The Balvenie distillery has released a series of cask strength marvels of late that includes The Balvenie Caribbean Cask, a 14-year-old malt finished in Caribbean rums barrels, The Balvenie Madeira Cask, a 17-year-old malt finished in Madeira barrels, The Balvenie Sherry Cask, a 17-year-old malt finished exclusively in Oloroso Sherry oak barrels and The Balvenie Vintage 1975 Cask.

Tucked away by the banks of the River Alness in the Northern Highlands, The Dalmore is one of the region’s best-kept secrets. The Dalmore 12 Years Old Single Highland Malt Scotch Whisky is a malt comprised of whiskies aged in American white oak and Oloroso sherry casks.

The award-winning Dalmore Gran Reserva Single Highland Malt Scotch Whisky is aged 10 to 15 years in first-fill Oloroso sherry casks and American White Oak. The Dalmore 15 Years Old Single Highland Malt Scotch Whisky is a blend of malts matured entirely in sherry wood, specifically Matusalem, Apostoles and Amoroso butts from Jerez de la Frontera. The distillery’s crowning achievement is The Dalmore 1263 King Alexander III, an expression comprised of malts matured in six different types of oak.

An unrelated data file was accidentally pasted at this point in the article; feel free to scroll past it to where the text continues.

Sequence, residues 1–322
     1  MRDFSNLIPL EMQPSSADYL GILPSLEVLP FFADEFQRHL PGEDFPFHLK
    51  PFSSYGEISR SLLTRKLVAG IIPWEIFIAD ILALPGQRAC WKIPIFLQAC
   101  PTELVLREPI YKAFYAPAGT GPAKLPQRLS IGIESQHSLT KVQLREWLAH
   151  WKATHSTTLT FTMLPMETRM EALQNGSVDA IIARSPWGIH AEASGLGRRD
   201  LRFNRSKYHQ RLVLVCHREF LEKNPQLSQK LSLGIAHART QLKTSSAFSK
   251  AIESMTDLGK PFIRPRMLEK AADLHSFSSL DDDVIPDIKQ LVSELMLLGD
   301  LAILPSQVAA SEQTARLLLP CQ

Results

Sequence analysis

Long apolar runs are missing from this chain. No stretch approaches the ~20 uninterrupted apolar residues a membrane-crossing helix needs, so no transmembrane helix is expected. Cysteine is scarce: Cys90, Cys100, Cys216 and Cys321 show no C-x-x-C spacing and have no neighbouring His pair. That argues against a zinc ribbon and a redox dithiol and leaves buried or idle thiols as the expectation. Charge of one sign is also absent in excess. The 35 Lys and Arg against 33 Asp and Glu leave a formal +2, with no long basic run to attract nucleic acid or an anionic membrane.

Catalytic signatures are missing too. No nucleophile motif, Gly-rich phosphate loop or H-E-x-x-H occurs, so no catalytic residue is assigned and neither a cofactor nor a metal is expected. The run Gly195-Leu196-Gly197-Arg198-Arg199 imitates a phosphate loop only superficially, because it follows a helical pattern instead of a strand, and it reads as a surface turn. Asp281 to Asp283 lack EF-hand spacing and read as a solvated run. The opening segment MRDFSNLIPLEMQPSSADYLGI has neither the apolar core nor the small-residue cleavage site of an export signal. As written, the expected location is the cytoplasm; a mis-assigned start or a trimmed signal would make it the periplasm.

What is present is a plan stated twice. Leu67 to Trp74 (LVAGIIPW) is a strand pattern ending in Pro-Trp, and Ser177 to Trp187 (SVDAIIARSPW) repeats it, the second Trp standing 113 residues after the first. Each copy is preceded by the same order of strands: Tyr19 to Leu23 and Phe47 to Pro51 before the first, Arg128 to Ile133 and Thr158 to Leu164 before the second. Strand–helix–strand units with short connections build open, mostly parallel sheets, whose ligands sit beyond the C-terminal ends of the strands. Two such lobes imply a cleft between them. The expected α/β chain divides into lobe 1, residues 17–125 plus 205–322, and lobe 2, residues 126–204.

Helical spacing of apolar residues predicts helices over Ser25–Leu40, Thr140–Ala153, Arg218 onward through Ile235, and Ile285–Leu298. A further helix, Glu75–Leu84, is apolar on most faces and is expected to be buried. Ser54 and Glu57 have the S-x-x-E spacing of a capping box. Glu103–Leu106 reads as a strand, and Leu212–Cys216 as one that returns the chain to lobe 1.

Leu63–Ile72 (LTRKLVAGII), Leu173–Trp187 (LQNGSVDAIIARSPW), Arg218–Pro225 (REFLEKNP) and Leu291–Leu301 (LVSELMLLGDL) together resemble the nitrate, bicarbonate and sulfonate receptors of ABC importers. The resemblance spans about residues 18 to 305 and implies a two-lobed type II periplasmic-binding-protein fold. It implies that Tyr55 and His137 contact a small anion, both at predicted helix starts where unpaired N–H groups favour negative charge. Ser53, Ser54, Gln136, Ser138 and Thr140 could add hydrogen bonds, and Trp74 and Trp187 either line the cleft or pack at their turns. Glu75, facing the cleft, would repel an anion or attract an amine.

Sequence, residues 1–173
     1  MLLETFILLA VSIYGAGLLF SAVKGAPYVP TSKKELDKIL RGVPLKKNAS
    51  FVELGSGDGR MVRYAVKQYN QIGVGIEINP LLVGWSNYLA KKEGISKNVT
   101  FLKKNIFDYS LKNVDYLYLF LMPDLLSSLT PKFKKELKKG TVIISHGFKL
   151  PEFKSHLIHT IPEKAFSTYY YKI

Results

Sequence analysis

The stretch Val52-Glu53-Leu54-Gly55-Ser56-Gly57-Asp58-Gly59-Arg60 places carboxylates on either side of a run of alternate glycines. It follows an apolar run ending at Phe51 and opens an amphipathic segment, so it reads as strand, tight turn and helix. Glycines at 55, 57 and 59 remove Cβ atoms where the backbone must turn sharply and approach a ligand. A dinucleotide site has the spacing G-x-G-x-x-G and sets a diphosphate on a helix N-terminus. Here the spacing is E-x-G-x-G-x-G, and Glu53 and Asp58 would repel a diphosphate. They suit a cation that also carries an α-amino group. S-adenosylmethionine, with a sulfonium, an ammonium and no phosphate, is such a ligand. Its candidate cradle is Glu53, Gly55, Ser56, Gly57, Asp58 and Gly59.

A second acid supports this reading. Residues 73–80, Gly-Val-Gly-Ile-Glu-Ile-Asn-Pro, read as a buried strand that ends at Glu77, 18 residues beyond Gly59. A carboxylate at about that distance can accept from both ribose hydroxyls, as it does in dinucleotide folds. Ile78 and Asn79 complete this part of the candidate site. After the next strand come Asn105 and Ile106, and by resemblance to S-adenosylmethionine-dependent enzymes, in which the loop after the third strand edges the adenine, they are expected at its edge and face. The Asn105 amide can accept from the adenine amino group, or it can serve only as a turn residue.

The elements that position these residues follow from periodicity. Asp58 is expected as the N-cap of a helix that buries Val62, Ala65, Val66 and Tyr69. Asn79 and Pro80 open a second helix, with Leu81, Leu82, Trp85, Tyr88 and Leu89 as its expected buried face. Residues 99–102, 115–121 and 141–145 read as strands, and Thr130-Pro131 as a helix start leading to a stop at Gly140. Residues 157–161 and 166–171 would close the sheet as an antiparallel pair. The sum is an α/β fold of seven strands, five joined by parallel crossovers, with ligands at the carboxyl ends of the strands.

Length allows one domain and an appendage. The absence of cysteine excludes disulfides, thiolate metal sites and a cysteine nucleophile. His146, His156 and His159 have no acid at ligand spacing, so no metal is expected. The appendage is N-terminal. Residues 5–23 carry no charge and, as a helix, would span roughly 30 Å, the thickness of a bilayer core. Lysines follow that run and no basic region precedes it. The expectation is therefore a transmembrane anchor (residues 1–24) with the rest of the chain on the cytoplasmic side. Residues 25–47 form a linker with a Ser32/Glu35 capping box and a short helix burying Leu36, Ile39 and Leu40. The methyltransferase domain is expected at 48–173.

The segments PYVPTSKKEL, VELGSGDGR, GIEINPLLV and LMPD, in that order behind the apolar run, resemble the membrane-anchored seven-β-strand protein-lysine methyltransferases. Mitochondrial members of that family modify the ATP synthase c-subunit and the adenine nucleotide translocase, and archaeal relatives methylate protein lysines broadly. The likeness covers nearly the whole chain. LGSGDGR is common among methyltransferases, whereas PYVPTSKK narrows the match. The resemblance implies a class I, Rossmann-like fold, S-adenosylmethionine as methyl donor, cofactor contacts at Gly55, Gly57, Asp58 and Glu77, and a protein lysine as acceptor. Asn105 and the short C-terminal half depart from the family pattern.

The vintage-dated Speyside single malts of The Glenrothes are highly sought after by collectors and aficionados alike. The first — vintage 1979 — was released in 1994 for the centennial anniversary of the distillery. Over the years, the distillery released 16 more vintage malts with The Glenrothes 1994 and 1998 currently on the market. Like their previous vintage malts, The Glenrothes ’94 and ’98 are slices of life never to be repeated.

The distillery also markets The Glenrothes Select Reserve Speyside Single Malt, a blend of malts matured in American oak and Spanish sherry casks. The ex-bourbon barrels lend lush vanilla and coconut character, while the sherry casks imbue the malt with spice and a resinous quality.

New Island Malts

There is no more memorable road on the voyage of discovery than the one leading to the adventurous malts of the Scottish islands.
One such franchise belongs to Highland Park from the island of Orkney, the northernmost distillery in the world. The microclimate of the isolated and wind-swept island is dominated by the North Sea and North Atlantic. Its U.S. portfolio includes seven expressions of Single Orkney Malts — the standard bearer 12 Year Old, the 15 Year Old, the limited-edition Highland Park 18 Year Old and the 25 Year Old Highland Park. The latter is an unfiltered, cask strength (96.2 proof) whisky made with several malts over 35 years in age. The distillery’s highly acclaimed Orcadian series now features three vintage bottlings: 1964, 1968 and 1970.

The Isle of Jura is in the Inner Hebrides off the eastern coast of Scotland. For 300 years, the island’s lone distillery has produced whiskies using mountain water and lightly peated malt. Isle of Jura Superstition features a blend of peated whiskies and older, traditionally finished malts. The range now also includes a 21 Year Old Single Malt and Isle of Jura Prophecy, a 92 proof blend of old heavily peated malts finished in Oloroso sherry butts and bottled unfiltered in its natural state.